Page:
Tuesday, May 01, 2012

"Return to Zion", 16x20, oil on linen, Zion National park painting, The Watchman, Virgin River, Palette knife landscapes, Maryanne Jacobsen art


"Return to Zion", 16x20, oil on linen

I think this needs a little more work, but it is 95% finished.

Last week I used a limited palette to paint this very same scene of The Watchman and Virgin River at Zion Nat'l Park in Utah. I only used 4 colors in my last study (plus white) and I'll confess that it was pretty challenging for me to work without my usual array of pigments.

So today I decided to try the same piece again, only larger, and with my usual pigments that number about 12-15, plus white. What I wanted to find out was whether or not having more pigments to work with, enhanced or detracted from the overall painting, using the last painting of Zion as my comparison.

Although the larger canvas gave me more freedom to work, I actually must concede that I like the small painting with the limited palette better! I still need to add the tree branches on the left when the paints are dryer, but other than that, the scene is the same in both studies. If you haven't read that blog post, here is the picture of the smaller painting:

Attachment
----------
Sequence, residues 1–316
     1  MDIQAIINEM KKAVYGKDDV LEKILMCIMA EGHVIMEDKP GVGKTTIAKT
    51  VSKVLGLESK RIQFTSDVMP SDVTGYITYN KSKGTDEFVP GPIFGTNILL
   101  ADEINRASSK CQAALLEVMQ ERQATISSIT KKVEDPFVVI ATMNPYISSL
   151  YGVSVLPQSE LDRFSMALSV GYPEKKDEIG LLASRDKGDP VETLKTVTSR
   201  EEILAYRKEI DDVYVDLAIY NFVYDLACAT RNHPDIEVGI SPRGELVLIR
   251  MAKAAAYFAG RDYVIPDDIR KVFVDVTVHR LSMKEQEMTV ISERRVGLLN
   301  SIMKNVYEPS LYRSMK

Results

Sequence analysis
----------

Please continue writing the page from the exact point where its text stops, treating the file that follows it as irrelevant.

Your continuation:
The problem for me with using a limited palette is that I do a lot of palette knife work and that requires tons of paint!

So , before I started the smaller painting of Zion, I used those 4 colors (cad Yellow pale, Ultramarine blue, alizarin crimson and windsor green) to create all the other colors that I figured I'd need- Purples, warm greens, orange, grays, etc, etc. That meant using a heck of a lot of mixing space to find and create these colors!

I am sure it gets easier to mix these secondary colors with practice, but the problem for me is that when I go outdoors and paint en plein air, there is a limit to how much mixing room I have! So is it better to lay out all my dozen or so paints beforehand, as I usually do, and have them Johnny on the spot, ready to go? Or is it better to just bring these  4 little tubes and hope I can create a decent painting with limited mixing room?

Not sure if any of this makes sense, but if there are any artists out there that have gone through the same experiments with mixing on a limited palette and have a solution to the "Mixing Room" problem, I would love to hear from you!


No comments: